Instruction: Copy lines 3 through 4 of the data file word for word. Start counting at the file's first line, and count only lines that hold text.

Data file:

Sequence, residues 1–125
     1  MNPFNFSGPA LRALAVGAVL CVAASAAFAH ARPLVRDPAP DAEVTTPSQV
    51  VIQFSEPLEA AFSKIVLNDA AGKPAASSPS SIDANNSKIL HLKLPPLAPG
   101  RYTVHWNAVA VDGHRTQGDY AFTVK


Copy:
    51  VIQFSEPLEA AFSKIVLNDA AGKPAASSPS SIDANNSKIL HLKLPPLAPG
   101  RYTVHWNAVA VDGHRTQGDY AFTVK